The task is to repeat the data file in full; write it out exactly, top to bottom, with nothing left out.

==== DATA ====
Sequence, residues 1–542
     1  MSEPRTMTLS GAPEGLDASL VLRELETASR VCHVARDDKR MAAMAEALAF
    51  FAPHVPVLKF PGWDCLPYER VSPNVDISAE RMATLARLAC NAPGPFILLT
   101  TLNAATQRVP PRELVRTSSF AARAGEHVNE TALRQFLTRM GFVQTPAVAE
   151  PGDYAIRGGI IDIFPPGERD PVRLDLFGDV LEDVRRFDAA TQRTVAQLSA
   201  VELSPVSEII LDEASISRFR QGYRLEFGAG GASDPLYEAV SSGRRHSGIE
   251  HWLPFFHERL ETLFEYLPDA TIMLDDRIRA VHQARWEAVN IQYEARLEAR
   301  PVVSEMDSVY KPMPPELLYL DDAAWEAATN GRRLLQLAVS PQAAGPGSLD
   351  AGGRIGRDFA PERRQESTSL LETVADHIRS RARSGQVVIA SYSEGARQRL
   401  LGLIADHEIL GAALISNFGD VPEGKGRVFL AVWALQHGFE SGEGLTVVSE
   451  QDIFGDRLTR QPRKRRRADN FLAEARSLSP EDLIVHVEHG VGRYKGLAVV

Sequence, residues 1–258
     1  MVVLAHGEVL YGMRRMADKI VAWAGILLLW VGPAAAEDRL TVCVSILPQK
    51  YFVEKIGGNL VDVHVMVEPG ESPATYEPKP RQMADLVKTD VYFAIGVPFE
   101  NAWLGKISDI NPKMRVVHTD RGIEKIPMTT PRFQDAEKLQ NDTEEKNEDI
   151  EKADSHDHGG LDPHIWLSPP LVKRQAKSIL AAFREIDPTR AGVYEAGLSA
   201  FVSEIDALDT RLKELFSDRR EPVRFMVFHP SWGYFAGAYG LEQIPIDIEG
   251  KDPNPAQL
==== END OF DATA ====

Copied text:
Sequence, residues 1–542
     1  MSEPRTMTLS GAPEGLDASL VLRELETASR VCHVARDDKR MAAMAEALAF
    51  FAPHVPVLKF PGWDCLPYER VSPNVDISAE RMATLARLAC NAPGPFILLT
   101  TLNAATQRVP PRELVRTSSF AARAGEHVNE TALRQFLTRM GFVQTPAVAE
   151  PGDYAIRGGI IDIFPPGERD PVRLDLFGDV LEDVRRFDAA TQRTVAQLSA
   201  VELSPVSEII LDEASISRFR QGYRLEFGAG GASDPLYEAV SSGRRHSGIE
   251  HWLPFFHERL ETLFEYLPDA TIMLDDRIRA VHQARWEAVN IQYEARLEAR
   301  PVVSEMDSVY KPMPPELLYL DDAAWEAATN GRRLLQLAVS PQAAGPGSLD
   351  AGGRIGRDFA PERRQESTSL LETVADHIRS RARSGQVVIA SYSEGARQRL
   401  LGLIADHEIL GAALISNFGD VPEGKGRVFL AVWALQHGFE SGEGLTVVSE
   451  QDIFGDRLTR QPRKRRRADN FLAEARSLSP EDLIVHVEHG VGRYKGLAVV

Sequence, residues 1–258
     1  MVVLAHGEVL YGMRRMADKI VAWAGILLLW VGPAAAEDRL TVCVSILPQK
    51  YFVEKIGGNL VDVHVMVEPG ESPATYEPKP RQMADLVKTD VYFAIGVPFE
   101  NAWLGKISDI NPKMRVVHTD RGIEKIPMTT PRFQDAEKLQ NDTEEKNEDI
   151  EKADSHDHGG LDPHIWLSPP LVKRQAKSIL AAFREIDPTR AGVYEAGLSA
   201  FVSEIDALDT RLKELFSDRR EPVRFMVFHP SWGYFAGAYG LEQIPIDIEG
   251  KDPNPAQL